A married couple filing income tax returns can choose to do so married filing jointly or married filing separately. In the past, the primary reason for filing separate tax returns was to shield one spouse from the tax liability of the other spouse. Couples filing separate returns paid much more in income taxes than couples filing joint returns. Today, with tax law changes, there are situations where filing separately can result in a lower combined tax burden.

Read More →

Getting School Transcripts (When You Owe Money to the School)

If you owe the school money or you have defaulted on your student loans, it's common for schools to deny requests for your official academic transcripts. For many, this can be devastating. Without these transcripts, you may not be able to transfer to another school, attend graduate school, obtain a professional license, or qualify for some jobs. Keep reading to find out about your rights and options in this situation.

Read More →

What does it mean that a bankruptcy is public record?

Anything that you and I can get access to either through a court or another government entity without first getting authorization to do so is considered “public record.” This article will explore what kinds of records a bankruptcy filing goes into and what it means for you.

Read More →

IRS Wage Garnishments

If the Internal Revenue Service (IRS) garnishes your wages for unpaid tax debts, you do have options to stop the IRS. There are a few different tax procedures you can use to stop a garnishment. In some cases, it may even be a good idea to file bankruptcy.

Read More →

When to Declare Bankruptcy

You have many options for debt relief. There are debt settlements, debt management plans, debt consolidations, and bankruptcy. Each option has pros and cons. The best choice for you will depend on your particular situation. Whether you should file bankruptcy and what type of bankruptcy to file is unique to your situation. Everyone's financial situation is different.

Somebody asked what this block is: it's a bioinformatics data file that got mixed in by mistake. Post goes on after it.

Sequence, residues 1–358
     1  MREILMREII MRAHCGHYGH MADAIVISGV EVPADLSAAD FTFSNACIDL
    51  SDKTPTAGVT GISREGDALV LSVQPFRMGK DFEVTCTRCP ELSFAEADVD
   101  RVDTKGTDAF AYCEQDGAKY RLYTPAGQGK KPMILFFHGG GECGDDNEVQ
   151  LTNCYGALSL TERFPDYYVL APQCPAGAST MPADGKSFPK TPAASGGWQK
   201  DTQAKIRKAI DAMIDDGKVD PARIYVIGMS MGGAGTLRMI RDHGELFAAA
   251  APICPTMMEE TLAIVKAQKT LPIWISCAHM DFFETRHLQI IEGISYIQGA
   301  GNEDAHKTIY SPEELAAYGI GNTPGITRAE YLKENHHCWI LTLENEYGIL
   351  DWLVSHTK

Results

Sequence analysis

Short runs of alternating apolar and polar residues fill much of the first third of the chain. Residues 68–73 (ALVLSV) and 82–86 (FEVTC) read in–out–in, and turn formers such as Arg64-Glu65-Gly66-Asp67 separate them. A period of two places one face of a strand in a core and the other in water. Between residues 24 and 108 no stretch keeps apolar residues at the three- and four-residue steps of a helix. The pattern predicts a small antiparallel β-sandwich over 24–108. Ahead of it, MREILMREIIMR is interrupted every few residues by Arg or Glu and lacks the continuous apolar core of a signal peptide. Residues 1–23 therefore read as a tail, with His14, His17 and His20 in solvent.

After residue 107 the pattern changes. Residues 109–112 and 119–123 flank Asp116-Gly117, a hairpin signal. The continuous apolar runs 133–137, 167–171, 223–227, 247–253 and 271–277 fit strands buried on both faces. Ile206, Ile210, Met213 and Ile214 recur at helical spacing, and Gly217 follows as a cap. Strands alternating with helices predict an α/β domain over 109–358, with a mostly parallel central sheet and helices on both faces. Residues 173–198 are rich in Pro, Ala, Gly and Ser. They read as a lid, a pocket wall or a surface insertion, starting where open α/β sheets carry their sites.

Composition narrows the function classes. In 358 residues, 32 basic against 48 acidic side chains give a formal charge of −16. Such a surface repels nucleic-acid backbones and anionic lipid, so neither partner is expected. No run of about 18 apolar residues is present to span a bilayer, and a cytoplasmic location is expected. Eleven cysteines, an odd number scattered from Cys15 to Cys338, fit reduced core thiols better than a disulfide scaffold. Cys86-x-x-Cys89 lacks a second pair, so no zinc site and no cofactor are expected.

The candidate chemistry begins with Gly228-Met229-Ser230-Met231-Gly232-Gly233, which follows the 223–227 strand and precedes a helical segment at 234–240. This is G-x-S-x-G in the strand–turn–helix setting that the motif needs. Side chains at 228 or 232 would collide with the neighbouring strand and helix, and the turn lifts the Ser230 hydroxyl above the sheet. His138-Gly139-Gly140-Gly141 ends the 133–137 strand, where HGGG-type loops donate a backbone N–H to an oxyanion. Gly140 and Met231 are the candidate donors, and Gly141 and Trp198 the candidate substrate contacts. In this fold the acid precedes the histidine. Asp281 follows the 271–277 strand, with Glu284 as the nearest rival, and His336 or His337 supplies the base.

Read More →

Overview of the 7 Most Commonly Used Bankruptcy Exemptions

Bankruptcy exemptions protect a filer’s property to ensure they are able to take full advantage of their fresh start. While the available exemptions vary depending on the state you live in, there are certain types of common bankruptcy exemptions that are generally found in all exemption schemes. This article will provide an overview of the 7 most common types of bankruptcy exemptions and how they protect the filer’s property in a Chapter 7 bankruptcy.

Read More →

Disability and Bankruptcy

How disability affects a bankruptcy case depends on what you mean by "disability." There are three major categories of disability payments: social security disability, veteran's disability, and private disability. Private disability is purchased either by an individual or provided by their employer. Other than to mention that some states’ laws exempt private disability from creditors and the bankruptcy trustee, this article will not cover private disability. This article focuses on government disability in the form of Social Security Disability and Veterans’ Disability.

Read More →

How Will Filing Bankruptcy Affect My Children?

If you’re a parent, your children are the most important parts of your life. You don’t want to do anything that could harm their futures. If you’re considering bankruptcy, you may be worried about the impact this will have on your children. The good news is that for those who need to file bankruptcy, the positive impact on your family will far outweigh any inconveniences. This guide examines the issues that could impact your minor children.

Read More →

What are the advantages of filing bankruptcy?

Bankruptcy can do wonderful things for you and while many bankruptcies have some risk, others are so simple that you can file without having to pay for an attorney. Continue reading to learn more about the advantages of filing bankruptcy.

Read More →

Upsolve is a 501(c)(3) nonprofit that started in 2016. Our mission is to help low-income families who cannot afford lawyers file bankruptcy for free, using an online web app. Spun out of Harvard Law School, our team includes lawyers, engineers, and judges. We have world-class funders that include the U.S. government, former Google CEO Eric Schmidt, and leading foundations. It's one of the greatest civil rights injustices of our time that low-income families can’t access their basic rights when they can’t afford to pay for help. Combining direct services and advocacy, we’re fighting this injustice.

To learn more, read why we started Upsolve in 2016, our reviews from past users, and our press coverage from places like the New York Times and Wall Street Journal.

Close

Considering Bankruptcy?

Try our 100% free tool that thousands of low-income families across the country have used to file bankruptcy themselves. We are funded by Harvard University, will never ask you for a credit card, and you can stop at any time.

Get Your Fresh Start